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The substitutive relation between voluntary disclosure and corporate governance in their effects on firm performance

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Prior literature shows that financial disclosures and corporate governance both impact firm performance. This paper documents an important topic that has been overlooked in the prior literature, their joint effect, because the two mechanisms could be independent, substitutive, or complementary in their impact on firm performance. We find a substitutive relation based on data from 2005 to 2013 for a sample of US biotech firms, but only for firms with products in advanced stages of development, because their disclosures are trustworthy about the firms’ future performance. We do not find such effect for firms with early-stage products, that would take years to convert to profits, and whose product-related disclosures are speculative at best. This paper shows that informative and reliable voluntary disclosures have similar value-increasing effect as corporate governance and that the marginal effect of trustworthy disclosures is decreasing in governance. To the extent that the two mechanisms are costly, firms can partly substitute one for the other.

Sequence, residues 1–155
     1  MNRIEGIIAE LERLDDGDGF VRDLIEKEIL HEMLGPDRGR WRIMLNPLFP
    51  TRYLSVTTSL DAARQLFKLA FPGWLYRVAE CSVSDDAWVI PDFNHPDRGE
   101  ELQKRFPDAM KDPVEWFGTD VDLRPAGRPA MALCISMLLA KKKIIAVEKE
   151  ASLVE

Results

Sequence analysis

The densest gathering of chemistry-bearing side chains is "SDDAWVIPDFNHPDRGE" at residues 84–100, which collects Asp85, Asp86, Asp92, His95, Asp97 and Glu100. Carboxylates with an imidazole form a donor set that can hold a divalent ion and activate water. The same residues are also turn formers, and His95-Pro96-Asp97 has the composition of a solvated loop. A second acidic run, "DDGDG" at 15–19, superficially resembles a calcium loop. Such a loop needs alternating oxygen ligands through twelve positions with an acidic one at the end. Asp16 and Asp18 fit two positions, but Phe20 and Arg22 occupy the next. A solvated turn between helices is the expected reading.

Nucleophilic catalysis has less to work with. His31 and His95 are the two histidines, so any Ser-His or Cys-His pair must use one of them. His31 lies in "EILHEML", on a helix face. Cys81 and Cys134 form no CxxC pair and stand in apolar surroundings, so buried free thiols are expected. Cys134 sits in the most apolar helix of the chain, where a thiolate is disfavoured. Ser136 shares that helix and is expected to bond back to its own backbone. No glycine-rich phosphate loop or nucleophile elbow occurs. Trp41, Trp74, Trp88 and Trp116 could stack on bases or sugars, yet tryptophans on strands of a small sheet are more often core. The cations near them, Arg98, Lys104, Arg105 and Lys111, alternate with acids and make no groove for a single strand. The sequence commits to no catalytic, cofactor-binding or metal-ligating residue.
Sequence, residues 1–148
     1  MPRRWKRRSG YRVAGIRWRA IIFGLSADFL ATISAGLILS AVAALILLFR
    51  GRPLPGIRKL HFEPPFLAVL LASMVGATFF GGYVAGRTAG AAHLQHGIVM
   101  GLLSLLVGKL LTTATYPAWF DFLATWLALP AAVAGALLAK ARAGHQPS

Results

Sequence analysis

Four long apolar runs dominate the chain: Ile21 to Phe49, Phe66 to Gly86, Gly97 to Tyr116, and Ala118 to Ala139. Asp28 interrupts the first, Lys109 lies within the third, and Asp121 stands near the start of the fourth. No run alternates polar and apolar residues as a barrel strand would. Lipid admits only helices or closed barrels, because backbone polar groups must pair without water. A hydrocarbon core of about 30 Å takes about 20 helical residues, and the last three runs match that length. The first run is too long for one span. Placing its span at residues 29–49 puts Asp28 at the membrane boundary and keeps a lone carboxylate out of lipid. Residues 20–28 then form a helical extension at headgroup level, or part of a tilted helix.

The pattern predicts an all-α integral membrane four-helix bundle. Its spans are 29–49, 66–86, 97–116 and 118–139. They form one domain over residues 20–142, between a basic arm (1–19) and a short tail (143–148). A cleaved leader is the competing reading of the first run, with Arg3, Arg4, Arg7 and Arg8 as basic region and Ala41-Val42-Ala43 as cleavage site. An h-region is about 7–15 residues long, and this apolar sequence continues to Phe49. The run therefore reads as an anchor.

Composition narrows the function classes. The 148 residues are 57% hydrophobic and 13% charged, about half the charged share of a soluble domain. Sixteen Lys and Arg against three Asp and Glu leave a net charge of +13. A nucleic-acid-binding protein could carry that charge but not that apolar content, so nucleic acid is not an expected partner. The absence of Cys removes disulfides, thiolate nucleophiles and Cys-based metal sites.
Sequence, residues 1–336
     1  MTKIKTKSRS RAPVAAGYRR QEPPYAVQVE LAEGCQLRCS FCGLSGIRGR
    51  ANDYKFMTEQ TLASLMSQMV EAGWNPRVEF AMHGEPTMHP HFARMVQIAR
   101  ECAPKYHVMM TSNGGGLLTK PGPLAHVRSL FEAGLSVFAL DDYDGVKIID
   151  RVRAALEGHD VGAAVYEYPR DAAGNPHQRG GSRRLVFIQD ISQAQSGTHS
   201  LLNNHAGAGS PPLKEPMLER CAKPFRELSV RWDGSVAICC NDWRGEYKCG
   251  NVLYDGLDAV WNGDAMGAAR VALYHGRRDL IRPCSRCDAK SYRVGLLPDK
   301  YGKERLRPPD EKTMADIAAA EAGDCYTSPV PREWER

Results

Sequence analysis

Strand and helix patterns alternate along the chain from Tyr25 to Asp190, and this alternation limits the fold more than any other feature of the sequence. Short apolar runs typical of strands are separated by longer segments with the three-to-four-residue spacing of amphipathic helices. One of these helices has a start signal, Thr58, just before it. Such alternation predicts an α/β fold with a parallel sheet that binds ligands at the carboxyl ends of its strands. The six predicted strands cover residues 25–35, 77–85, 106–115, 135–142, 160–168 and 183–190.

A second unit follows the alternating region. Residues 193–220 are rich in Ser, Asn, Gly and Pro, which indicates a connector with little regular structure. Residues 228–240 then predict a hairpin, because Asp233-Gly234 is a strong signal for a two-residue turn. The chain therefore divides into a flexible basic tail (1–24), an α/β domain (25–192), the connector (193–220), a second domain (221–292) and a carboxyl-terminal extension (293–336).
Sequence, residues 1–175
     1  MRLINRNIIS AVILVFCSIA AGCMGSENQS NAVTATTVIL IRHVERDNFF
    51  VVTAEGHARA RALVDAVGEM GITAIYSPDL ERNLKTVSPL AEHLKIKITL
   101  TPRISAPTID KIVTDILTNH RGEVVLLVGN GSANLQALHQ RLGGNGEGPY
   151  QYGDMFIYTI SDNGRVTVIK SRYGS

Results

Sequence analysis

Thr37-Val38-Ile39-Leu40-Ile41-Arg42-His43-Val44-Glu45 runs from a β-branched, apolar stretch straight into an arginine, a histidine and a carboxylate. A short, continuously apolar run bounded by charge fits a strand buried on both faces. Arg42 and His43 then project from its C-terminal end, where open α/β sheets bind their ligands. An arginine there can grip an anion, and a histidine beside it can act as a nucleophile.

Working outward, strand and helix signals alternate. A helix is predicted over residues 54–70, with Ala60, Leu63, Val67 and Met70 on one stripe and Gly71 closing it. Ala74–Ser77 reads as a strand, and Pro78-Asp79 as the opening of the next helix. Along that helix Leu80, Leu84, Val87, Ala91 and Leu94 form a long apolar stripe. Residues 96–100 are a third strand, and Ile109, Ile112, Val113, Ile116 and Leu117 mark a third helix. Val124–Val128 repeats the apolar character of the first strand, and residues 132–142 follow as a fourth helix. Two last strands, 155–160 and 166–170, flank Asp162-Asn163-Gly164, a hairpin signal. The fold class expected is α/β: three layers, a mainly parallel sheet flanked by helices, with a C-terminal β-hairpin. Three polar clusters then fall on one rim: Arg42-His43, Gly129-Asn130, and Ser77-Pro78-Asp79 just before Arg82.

Original languageEnglish
JournalReview of Quantitative Finance and Accounting
Early online date18 Feb 2019
Publication statusEarly online - 18 Feb 2019


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